Arguably the most significant reform of the Health and Social Care Act 2012 is the introduction of a National Health Service Commissioning Board, which will supervise local primary care clinical commissioning groups. These clinical commissioning groups will replace primary healthcare trusts. Primary healthcare providers, particularly GPs, were always the gatekeepers to the National Health Service, but under the 2012 reforms, they will also be the principal budget holders under these clinical commissioning groups, buying secondary care in a quasi-competitive open market.
Under ss14X and 14Y of the National Health Service Act 2006, following wholesale amendment to that 2006 Act by the Health and Social Care Act 2012, clinical commissioning groups will have separate statutory duties to promote innovation and research. The groups also have a duty to carry out their functions effectively, efficiently and economically (s14Q).
To assist clinical commissioning groups in their extensive duties set out in Part 2 of the 2006 Act, they will have the power to raise income (a new power under s14Z5 of the 2006 Act), by doing anything the Secretary of State can do under ss7(2)(a), (b) and (e) to (h) of the Health and Medicines Act 1998, either alone or with other groups. In particular, s7(2)(f) will permit the groups “to develop and exploit ideas and exploit intellectual property.”
Whilst it may therefore be a stretch to argue that clinical commissioning groups have a duty to exploit the value there may be in patient data, it is clear that to exploit patient data is well within their duties and powers under the 2006 Act. In addition, disclosure of information “made for the purpose of facilitating the exercise of any of the clinical commissioning group’s functions” is explicitly permitted by the 2006 Act (s14Z23(1)(f)).
This only leaves the Data Protection Act 1998 to consider. Could clinical commissioning groups sell patient data under the Data Protection Act 1998, with or without the consent of patients themselves?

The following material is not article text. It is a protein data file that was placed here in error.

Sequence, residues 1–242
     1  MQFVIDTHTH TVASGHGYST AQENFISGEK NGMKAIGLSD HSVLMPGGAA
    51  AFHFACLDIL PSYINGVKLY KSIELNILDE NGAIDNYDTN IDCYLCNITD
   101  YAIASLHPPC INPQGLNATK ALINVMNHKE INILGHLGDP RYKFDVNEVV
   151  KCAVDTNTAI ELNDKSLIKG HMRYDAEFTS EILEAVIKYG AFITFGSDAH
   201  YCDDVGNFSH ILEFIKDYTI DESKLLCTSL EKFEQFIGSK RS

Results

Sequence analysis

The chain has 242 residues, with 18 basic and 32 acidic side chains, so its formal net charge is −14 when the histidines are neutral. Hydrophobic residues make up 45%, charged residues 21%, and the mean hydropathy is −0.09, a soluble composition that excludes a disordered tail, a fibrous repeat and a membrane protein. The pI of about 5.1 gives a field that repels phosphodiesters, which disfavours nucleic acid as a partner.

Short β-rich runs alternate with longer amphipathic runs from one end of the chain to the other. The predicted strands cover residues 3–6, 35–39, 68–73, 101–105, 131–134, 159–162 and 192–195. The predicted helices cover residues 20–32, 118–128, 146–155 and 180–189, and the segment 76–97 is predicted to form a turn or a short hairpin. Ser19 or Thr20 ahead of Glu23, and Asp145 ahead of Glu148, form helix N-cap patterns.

This is an interesting question. One answer is that it would be possible. In order to process patient data, the groups would have to meet one of the conditions for processing sensitive personal data (as defined in the Data Protection Act 1998).
It is arguable that there is the statutory basis for selling the data, being to comply with commissioning groups’ statutory duties to promote innovation and research, and to raise income in order to exercise their statutory duties effectively, efficiently and economically. As there is a statutory basis, the selling of patient date could be argued to be “necessary for the exercise of functions conferred by or under statute” – which is one of the conditions for which the processing of sensitive personal data is permitted under the Data Protection Act 1998 (paragraph 7(1)(b) of Schedule 3 of the Data Protection Act 1998). This does not require patients’ consent.
In addition, processing for research purposes is itself a permitted purpose under the Data Protection Act 1998 (paragraph 10 of Schedule 3 of the Data Protection Act 1998, and paragraph 9 of the Schedule to the Data Protection (Processing of Sensitive Personal Data) Order 2000, SI 2000/417); again without patient consent.
Lastly, there is always the ‘medical purposes’ condition of paragraph 8 of Schedule 3 to the Data Protection Act 1998:
8 (1) The processing is necessary for medical purposes and is undertaken by—
(a) a health professional, or
(b) a person who in the circumstances owes a duty of confidentiality which is equivalent to that which would arise if that person were a health professional.
(2) In this paragraph “medical purposes” includes the purposes of preventative medicine, medical diagnosis, medical research, the provision of care and treatment and the management of healthcare services.
Patients’ consent may not strictly be required by law, but under the first (and second) data protection principle, patients will have to be made aware by clinical commissioning groups that their data, in whatever form, for medical research purposes. Patients could try to exercise a stop notice right under s10 of the Data Protection Act 1998, but ‘good luck with that’ is the phrase that immediately springs to mind.
Although it may be lawful for commissioning groups to sell patient data, it may be that best practice will lead to any sale being restricted to Barnardised or anonymised patient data. This may be clarified by the NHS Commissioning Board, which has a responsibility to issue guidance on the processing of patient information under s13S of the 2006 Act, following the abolition of the National Information Governance Board for Health and Social Care in the 2012 Act. ‘Patient information’ in this context is a new term defined at s20A of the Health and Social Care Act 2008, and is broader than a patient’s personal data, as defined under the Data Protection Act 1998, to include any information about a person’s health, diagnosis or care or data derived from that information, whether that information or data identifies an individual or not.
So, a case can be made for saying that commercialisation of patient data may well be a consequence of the Health and Social Care Act 2012. Whether this consequence was unintended or was anticipated is for others to answer.